Question #bf587

Mar 22, 2017

$\text{Empirical formula}$ $\equiv$ ${C}_{3} {H}_{6} O$

$\text{Molecular formula}$ $\equiv$ ${C}_{6} {H}_{12} {O}_{2}$

Explanation:

AS with all these problems, it is useful to ASSUME that there are $100 \cdot g$ of unknown compound. And we divide thru by the ATOMIC masses of the constituent elements to find the $\text{empirical formula}$.

There are thus $\frac{62.07 \cdot g}{12.011 \cdot g \cdot m o {l}^{-} 1} = 5.17 \cdot m o l \cdot \text{carbon}$

And $\frac{10.34 \cdot g}{1.00794 \cdot g \cdot m o {l}^{-} 1} = 10.26 \cdot m o l \cdot \text{hydrogen}$

Now, we still have a missing percentage, and this is assumed to be oxygen (note that this is a standard assumption; there are few ways to analyse oxygen gas by combustion in that we have to burn the organic compound in oxygen to oxidize it, and so typically the oxygen percentage is calculated by difference, i.e. it is the missing percentage).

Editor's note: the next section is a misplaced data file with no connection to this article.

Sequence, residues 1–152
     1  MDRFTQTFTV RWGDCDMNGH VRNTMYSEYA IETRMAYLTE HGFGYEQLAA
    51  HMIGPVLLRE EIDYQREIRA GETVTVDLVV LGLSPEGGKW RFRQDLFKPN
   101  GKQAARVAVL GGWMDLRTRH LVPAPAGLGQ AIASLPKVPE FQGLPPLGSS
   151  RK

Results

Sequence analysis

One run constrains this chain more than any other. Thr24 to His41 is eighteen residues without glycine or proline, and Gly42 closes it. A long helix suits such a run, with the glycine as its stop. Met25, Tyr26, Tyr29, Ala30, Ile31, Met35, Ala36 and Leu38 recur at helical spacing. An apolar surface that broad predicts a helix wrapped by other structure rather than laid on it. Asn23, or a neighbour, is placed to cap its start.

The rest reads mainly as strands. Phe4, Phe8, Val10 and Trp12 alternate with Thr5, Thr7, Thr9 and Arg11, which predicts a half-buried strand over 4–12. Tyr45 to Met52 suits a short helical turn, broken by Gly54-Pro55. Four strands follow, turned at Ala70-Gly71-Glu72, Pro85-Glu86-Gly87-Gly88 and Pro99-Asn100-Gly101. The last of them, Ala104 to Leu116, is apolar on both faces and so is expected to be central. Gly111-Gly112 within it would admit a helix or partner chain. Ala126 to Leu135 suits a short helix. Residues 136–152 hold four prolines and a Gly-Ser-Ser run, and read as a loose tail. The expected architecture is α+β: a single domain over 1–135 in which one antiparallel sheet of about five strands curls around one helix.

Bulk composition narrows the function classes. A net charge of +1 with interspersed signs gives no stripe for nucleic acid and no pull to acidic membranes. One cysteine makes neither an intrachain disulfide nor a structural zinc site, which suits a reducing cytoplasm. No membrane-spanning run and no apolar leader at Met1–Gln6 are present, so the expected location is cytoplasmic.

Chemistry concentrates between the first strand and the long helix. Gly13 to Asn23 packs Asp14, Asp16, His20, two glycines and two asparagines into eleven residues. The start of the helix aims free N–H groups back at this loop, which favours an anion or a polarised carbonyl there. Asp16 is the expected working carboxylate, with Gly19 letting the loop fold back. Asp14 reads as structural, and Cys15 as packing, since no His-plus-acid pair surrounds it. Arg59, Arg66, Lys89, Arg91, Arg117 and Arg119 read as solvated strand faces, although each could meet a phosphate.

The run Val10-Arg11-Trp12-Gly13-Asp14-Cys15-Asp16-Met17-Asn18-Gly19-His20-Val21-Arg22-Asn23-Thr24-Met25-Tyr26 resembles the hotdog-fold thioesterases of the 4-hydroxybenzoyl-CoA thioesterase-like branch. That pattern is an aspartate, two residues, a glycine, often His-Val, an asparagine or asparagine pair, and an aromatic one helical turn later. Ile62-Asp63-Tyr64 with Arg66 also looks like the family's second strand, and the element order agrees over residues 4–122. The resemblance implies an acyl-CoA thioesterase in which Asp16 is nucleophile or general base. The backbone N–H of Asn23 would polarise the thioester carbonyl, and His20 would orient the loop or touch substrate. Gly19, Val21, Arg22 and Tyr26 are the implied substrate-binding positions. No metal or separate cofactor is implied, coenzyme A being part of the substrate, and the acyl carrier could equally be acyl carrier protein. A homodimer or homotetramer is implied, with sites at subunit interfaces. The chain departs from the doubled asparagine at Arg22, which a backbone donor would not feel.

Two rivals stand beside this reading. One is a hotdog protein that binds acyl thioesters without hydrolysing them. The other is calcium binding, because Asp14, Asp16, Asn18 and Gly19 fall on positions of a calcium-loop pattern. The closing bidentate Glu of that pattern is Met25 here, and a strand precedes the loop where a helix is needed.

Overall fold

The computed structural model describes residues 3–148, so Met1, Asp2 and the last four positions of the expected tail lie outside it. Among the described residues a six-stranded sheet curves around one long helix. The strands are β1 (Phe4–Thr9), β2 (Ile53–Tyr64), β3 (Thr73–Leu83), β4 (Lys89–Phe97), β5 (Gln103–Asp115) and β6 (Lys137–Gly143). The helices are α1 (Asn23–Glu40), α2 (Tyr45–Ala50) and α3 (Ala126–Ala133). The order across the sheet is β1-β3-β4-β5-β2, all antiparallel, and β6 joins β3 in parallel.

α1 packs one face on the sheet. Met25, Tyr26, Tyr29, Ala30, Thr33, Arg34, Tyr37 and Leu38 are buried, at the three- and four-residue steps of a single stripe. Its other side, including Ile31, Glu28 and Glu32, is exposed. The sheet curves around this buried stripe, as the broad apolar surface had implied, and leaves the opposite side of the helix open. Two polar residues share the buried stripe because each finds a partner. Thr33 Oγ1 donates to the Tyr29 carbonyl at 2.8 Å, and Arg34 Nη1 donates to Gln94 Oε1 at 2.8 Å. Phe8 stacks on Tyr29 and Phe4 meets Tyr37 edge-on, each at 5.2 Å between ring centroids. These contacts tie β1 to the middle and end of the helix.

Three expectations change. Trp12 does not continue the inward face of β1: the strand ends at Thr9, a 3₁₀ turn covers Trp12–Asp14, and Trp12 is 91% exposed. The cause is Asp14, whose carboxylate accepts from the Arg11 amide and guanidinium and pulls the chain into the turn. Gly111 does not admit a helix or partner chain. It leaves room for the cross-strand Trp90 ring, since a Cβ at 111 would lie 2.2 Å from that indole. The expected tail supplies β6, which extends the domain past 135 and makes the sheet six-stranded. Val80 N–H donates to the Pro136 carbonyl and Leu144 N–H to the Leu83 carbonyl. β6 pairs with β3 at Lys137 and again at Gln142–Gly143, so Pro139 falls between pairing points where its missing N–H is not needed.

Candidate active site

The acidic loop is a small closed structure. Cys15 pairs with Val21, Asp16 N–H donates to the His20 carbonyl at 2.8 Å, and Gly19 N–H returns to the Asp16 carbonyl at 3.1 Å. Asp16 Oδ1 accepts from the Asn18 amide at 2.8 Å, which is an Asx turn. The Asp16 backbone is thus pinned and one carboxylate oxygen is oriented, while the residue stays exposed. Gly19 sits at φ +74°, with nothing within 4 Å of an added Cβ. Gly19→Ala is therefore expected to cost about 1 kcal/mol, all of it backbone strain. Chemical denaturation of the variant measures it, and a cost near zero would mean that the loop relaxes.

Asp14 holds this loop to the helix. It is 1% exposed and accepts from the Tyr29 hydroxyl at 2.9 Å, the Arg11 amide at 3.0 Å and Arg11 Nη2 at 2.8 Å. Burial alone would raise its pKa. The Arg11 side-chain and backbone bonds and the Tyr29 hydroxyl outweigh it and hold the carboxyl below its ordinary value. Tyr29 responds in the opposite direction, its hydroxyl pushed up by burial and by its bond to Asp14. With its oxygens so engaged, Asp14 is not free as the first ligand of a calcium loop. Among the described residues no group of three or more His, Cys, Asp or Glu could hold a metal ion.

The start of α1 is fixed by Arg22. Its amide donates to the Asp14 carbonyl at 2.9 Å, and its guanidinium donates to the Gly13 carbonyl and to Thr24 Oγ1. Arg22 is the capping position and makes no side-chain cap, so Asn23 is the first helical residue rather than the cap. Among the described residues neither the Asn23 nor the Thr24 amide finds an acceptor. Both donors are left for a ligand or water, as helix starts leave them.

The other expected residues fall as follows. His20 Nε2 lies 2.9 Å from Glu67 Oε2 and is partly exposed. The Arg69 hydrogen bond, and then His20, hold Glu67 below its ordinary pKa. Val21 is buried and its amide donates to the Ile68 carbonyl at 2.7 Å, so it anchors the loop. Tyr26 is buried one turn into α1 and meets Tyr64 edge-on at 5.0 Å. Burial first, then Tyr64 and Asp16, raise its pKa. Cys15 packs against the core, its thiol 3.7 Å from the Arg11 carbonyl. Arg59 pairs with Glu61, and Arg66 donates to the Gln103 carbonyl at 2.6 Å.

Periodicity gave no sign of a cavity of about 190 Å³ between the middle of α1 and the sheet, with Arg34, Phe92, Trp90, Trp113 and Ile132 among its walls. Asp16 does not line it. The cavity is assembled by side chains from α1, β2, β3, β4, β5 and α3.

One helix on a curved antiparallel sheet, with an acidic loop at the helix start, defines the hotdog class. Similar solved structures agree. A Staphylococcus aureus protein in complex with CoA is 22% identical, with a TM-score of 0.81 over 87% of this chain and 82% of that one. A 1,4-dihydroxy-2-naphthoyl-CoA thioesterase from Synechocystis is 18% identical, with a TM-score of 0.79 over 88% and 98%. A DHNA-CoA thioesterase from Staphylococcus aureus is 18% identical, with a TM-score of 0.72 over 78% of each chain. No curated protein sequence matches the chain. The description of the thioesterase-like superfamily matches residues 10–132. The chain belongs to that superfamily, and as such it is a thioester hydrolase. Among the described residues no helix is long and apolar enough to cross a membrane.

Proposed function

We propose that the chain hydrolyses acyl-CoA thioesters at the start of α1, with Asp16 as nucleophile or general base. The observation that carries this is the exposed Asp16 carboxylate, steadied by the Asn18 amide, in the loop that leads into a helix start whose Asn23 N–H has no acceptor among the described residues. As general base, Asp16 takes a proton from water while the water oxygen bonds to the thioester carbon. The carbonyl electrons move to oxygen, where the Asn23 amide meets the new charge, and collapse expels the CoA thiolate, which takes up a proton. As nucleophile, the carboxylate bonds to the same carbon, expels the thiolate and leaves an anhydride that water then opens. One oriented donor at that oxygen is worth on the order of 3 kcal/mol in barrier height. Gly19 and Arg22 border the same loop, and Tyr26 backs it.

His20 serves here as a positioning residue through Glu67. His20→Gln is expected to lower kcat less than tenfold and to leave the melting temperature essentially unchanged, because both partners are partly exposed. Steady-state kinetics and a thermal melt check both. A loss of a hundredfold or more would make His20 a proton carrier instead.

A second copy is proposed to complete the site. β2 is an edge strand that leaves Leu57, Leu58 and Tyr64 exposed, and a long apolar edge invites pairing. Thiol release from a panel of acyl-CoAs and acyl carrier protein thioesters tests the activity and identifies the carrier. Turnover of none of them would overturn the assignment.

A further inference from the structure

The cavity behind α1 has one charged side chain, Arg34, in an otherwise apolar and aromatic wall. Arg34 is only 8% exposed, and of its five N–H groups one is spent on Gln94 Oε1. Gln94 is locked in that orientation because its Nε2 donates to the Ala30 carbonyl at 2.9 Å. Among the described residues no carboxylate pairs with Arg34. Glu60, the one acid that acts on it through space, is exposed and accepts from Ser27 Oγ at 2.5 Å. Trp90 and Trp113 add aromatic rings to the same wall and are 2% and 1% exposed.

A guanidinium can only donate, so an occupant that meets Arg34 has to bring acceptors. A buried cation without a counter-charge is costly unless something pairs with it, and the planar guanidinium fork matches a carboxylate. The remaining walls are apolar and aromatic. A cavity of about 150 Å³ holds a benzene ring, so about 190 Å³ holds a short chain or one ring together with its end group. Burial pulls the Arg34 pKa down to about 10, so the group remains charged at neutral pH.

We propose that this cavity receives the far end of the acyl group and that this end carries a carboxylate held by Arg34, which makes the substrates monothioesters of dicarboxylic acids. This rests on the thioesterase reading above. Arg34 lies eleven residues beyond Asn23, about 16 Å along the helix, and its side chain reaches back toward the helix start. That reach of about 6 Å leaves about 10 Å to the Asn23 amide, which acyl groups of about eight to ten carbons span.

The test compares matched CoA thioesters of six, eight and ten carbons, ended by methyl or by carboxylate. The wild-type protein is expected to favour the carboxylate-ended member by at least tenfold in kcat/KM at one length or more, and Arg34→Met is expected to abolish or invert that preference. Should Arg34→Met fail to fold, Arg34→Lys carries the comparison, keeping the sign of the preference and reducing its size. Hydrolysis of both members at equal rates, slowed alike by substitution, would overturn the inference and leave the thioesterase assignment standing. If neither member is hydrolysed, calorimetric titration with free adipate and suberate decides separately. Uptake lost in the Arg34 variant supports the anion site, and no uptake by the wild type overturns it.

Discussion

And thus$\frac{100 \cdot g - 62.07 \cdot g - 10.34 \cdot g}{15.999 \cdot g \cdot m o {l}^{-} 1} = 1.72 \cdot m o l \cdot \text{oxygen}$

So to get the empirical formula, we divide thru by the SMALLEST molar quantity (that of oxygen) to get:

$C : \frac{5.17 \cdot m o l}{1.72 \cdot m o l} = 3.0$

$H : \frac{10.26 \cdot m o l}{1.72 \cdot m o l} = 5.96$

$O : \frac{1.72 \cdot m o l}{1.72 \cdot m o l} = 1.0$

And thus we get the $\text{empirical formula}$, the simplest whole number ratio defining constituent atoms in a species as:

${C}_{3} {H}_{6} O$

Now we further know that the $\text{molecular formula}$ is a WHOLE number mulitple of the $\text{empirical formula}$.

And so $116 \cdot g \cdot m o {l}^{-} 1 = n \times \left(3 \times 12.011 + 6 \times 1.00794 + 15.999\right) \cdot g \cdot m o {l}^{-} 1 = n \times 58 \cdot g \cdot m o {l}^{-} 1$.

Clearly, $n = 2$, and the $\text{molecular formula} \equiv {C}_{6} {H}_{12} {O}_{2}$.